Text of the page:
Hamilton Herald Masthead


Front Page - Friday, October 8, 2021

Chattanooga hits No. 3 on US list

Big demand for commercial space amid recovery

Keller Williams Commercial Realtor Robert Fischer. - Photograph provided

Chattanooga is the No. 3 commercial office market in the U.S. as of the third quarter of 2021, according to the National Association of Realtors’ monthly Commercial Market Insights report, released Monday.

This places the city ahead of Daytona Beach, Florida, Miami, Myrtle Beach, South Carolina, Omaha, Nebraska, Palm Beach, Florida, Provo, Utah, and San Antonio, but behind No. 1 Austin, Texas and runner-up Boise, Idaho.

NAR analyzed 390 commercial real estate markets and found a robust recovery, with positive net absorption and escalating rents across the multifamily, industrial and retail property markets as economic production rebounds to pre-pandemic levels.

The apartment and industrial sectors are reporting historically low vacancy rates, while retail has undergone a more gradual recovery as consumers continue their return to brick-and-mortar shopping, NAR reports.

The office sector, however, continues to struggle nationally, as absorption rates and rents have declined and many occupied spaces remain largely void of workers.

Positive indicators have been noted in small- and medium-sized metropolitan areas, which are seeing increases in office occupancy rates that outperform most large cities and the national average.

This includes Chattanooga, which Keller Williams Commercial Realtor Robert Fischer notes leased 327,000 square feet in the third quarter of 2021.

“In most major cities, more office space is being built than leased,” Fischer explains. “New York City has a negative absorption of 22 million square feet, while Chattanooga has a positive absorption of 327,000 square feet.”

Fischer says the newfound focus on working from home will leave the larger companies in Chattanooga with an excess of empty offices and cubicles.

“A lot of people won’t be returning to the office, which will be stressful for many corporations,” he submits. “BlueCross BlueShield spent hundreds of millions of dollars building a tremendous campus downtown, but now many of those people will probably work from home.”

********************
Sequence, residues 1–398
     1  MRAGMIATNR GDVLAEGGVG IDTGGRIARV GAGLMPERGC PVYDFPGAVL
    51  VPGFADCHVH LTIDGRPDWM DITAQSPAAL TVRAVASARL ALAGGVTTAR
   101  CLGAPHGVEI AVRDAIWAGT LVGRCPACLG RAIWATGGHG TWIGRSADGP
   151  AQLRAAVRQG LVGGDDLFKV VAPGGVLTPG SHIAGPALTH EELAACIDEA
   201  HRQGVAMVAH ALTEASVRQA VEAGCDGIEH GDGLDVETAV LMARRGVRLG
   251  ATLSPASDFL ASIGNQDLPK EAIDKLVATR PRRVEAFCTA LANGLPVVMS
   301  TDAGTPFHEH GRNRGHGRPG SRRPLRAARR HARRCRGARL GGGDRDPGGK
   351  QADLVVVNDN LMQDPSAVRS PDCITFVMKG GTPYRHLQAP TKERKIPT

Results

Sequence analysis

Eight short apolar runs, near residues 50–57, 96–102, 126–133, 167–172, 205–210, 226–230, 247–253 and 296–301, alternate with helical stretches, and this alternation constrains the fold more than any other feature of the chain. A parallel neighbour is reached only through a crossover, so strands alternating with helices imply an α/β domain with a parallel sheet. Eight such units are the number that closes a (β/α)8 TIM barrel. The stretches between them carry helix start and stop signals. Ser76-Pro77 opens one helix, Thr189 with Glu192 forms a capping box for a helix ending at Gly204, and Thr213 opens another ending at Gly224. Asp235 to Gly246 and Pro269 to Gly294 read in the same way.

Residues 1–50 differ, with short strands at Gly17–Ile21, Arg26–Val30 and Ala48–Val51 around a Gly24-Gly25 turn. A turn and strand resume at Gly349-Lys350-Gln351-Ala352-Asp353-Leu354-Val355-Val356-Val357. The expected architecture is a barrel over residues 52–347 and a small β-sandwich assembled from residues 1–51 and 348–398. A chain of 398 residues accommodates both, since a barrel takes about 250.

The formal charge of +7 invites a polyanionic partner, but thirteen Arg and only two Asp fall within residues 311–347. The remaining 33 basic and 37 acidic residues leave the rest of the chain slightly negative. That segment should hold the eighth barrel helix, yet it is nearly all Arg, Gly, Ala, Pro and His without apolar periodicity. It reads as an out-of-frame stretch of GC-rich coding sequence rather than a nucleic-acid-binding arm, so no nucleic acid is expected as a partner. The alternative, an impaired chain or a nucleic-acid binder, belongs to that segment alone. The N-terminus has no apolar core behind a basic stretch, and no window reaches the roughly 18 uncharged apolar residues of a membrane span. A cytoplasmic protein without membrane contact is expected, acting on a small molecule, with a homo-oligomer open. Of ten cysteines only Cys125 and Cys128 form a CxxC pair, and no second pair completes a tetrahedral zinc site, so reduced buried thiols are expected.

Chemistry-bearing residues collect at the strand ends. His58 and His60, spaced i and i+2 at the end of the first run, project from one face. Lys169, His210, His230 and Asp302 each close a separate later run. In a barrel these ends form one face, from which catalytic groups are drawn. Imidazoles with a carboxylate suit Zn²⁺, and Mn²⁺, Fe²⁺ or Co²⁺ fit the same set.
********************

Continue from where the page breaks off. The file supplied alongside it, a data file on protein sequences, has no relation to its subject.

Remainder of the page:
Despite the challenge utilizing a remote staff presents to large companies in Chattanooga, the city’s office market should remain stable, Fisher says, partially due to a lack of construction.

“No one is building office space in Chattanooga. If you go to Nashville, you’ll see a dozen cranes building offices. I doubt we have a single crane building an office.

“So, our leasing numbers are good but partly because we’re not building.”

Fischer says he doesn’t see office construction increasing in Chattanooga due to competition from the region’s larger cities.

“The companies that are leaving California, Chicago, New York City and elsewhere are moving to Atlanta, Nashville and Huntsville, not Chattanooga. And I don’t see anyone trying to change that because the competition is too fierce.

“Our prices are lower, but if you have a company that employs 1,000 people, then you need airports that fly more places than Chattanooga’s does and you need a bigger metro area than we have.”

Chattanooga is, however, seeing an increase in the number of small- and medium-sized businesses, which is another factor Fischer believes will keep the local office market buoyant.

“There’s enough money out there that people are able to start small companies and lease small spaces,” he says. “A lot of companies have gone out of business since the start of the pandemic, but there’s also a lot of business creation taking place.”

NAR’s complete September 2021 Commercial Market Insights Report